Should U.S. farm subsidies be reduced or eliminated?

Should U.S. farm subsidies be reduced or eliminated?

(1) Position Statement topic: Agriculture

(2) My position is that the government should reduce or eliminate US farm subsidies.

(3) Economic arguments against my position:

  1. Subsidized farming helps to stabilize the farming infrastructure
  2. Agricultural products are highly vulnerable to weather conditions.
  3. Other countries subsidize their farming products.
  4. Farmers in the European Union receive about 100 billion dollars in subsidies annually (Piccinini & Margaret, pp 59).
  5. Japan protects its farmers using nationalist tariffs and subsidies.
  6. Subsidies would cushion the families from poor harvests
  7. The government would spend much more in relief food to help farmers

(4) Economic arguments in support of my position:

  1. Subsidies are against free trade values.
  2. Subsidies are a violation of the international agreements that the US has signed.
  3. Subsidies are a huge burden to the tax payers in America.
  4. The US spends more than 44 million dollars on farm subsidies every year (Schnepf & Jasper, pp 84).
  5. Government subsidies increase the poverty levels in the country.
  6. The subsidized farm products are sold at a price that is not commensurate with the cost of production.
  7. Farm subsidies encourage fraud and corruption.
  8. The government has paid more than 1.3 billion dollars on fraudulent farm subsidy payments since 2000 (Armbruster, pp 138).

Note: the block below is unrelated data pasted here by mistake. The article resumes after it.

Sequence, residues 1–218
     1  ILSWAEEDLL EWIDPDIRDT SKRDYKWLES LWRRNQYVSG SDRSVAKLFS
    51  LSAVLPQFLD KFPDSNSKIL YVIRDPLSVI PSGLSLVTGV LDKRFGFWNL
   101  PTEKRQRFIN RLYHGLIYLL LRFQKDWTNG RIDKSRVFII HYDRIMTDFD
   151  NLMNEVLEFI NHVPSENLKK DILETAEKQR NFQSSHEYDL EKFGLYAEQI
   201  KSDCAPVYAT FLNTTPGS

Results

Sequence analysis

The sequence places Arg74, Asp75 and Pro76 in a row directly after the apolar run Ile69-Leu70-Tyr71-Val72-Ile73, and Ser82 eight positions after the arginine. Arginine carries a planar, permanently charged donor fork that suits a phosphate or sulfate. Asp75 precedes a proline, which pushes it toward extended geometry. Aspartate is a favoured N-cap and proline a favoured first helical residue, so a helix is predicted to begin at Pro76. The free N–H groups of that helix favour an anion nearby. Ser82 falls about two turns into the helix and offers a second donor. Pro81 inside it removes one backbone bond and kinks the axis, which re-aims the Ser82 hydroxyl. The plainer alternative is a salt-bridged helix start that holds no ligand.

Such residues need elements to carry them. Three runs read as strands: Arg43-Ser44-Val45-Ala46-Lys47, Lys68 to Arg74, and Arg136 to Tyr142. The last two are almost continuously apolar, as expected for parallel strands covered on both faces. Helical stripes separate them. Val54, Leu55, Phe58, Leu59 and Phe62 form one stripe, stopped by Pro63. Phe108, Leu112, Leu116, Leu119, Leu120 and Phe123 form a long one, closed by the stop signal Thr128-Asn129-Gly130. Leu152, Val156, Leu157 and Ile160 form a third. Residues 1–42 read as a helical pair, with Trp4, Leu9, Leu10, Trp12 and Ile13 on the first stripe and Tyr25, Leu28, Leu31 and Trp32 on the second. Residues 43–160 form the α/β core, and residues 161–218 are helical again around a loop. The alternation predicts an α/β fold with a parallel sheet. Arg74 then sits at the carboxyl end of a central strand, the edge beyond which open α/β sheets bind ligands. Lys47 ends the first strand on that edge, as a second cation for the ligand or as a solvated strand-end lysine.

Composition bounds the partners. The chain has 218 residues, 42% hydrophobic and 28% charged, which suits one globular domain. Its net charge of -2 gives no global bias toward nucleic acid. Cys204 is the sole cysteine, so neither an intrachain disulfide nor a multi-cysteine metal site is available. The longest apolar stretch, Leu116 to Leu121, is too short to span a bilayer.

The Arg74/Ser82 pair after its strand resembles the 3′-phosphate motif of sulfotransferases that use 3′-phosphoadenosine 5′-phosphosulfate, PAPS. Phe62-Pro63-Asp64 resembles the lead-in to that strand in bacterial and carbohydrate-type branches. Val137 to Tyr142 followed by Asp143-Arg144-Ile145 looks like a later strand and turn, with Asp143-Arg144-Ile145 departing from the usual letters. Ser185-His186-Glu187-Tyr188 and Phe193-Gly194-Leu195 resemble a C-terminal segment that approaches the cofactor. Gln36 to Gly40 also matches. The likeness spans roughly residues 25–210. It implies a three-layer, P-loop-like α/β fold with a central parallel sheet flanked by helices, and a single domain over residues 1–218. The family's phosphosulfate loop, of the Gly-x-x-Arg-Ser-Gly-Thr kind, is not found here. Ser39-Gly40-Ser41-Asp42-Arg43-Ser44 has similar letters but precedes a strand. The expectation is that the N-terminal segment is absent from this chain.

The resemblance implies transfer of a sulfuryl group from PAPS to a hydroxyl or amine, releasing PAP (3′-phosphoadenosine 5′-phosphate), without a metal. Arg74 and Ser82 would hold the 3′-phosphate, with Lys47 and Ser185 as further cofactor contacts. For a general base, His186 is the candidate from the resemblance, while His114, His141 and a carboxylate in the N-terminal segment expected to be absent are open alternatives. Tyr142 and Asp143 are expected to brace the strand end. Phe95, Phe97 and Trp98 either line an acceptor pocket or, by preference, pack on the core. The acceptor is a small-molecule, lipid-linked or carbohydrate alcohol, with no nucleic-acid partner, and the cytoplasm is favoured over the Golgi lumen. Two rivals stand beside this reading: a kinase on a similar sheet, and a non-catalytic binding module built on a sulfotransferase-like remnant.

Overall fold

(5) Conclusion

Committing more finances to farm subsidies is not a solution to the problem of the ailing agriculture sector. In fact, the farm subsidies have less positive economic implications than the negative ones. Most of the past beneficiaries of farm subsidies do not even deserve the subsidies. Moreover, funding of farm subsidies is very expensive and inflicts huge financial burden on the American taxpayers who still end up buying the products. In addition, the farm subsidies lead to more poverty as the consumers are made to buy the products at a price not commensurate with the production cost.

Works cited

Schnepf, Randall D, and Jasper Womach. Potential Challenges to U.s. Farm Subsidies in the Wto. New York: Nova Science Publishers, 2008. Print.

Armbruster, Walter J. Us Programs Affecting Food and Agricultural Marketing. Berlin: Springer, 2012. Print.

Piccinini, Antonio, and Margaret Loseby. Agricultural Policies in Europe and the USA: Farmers between Subsidies and the Market. Houndmills, Basingstoke, Hampshire: Palgrave, 2001. Print.

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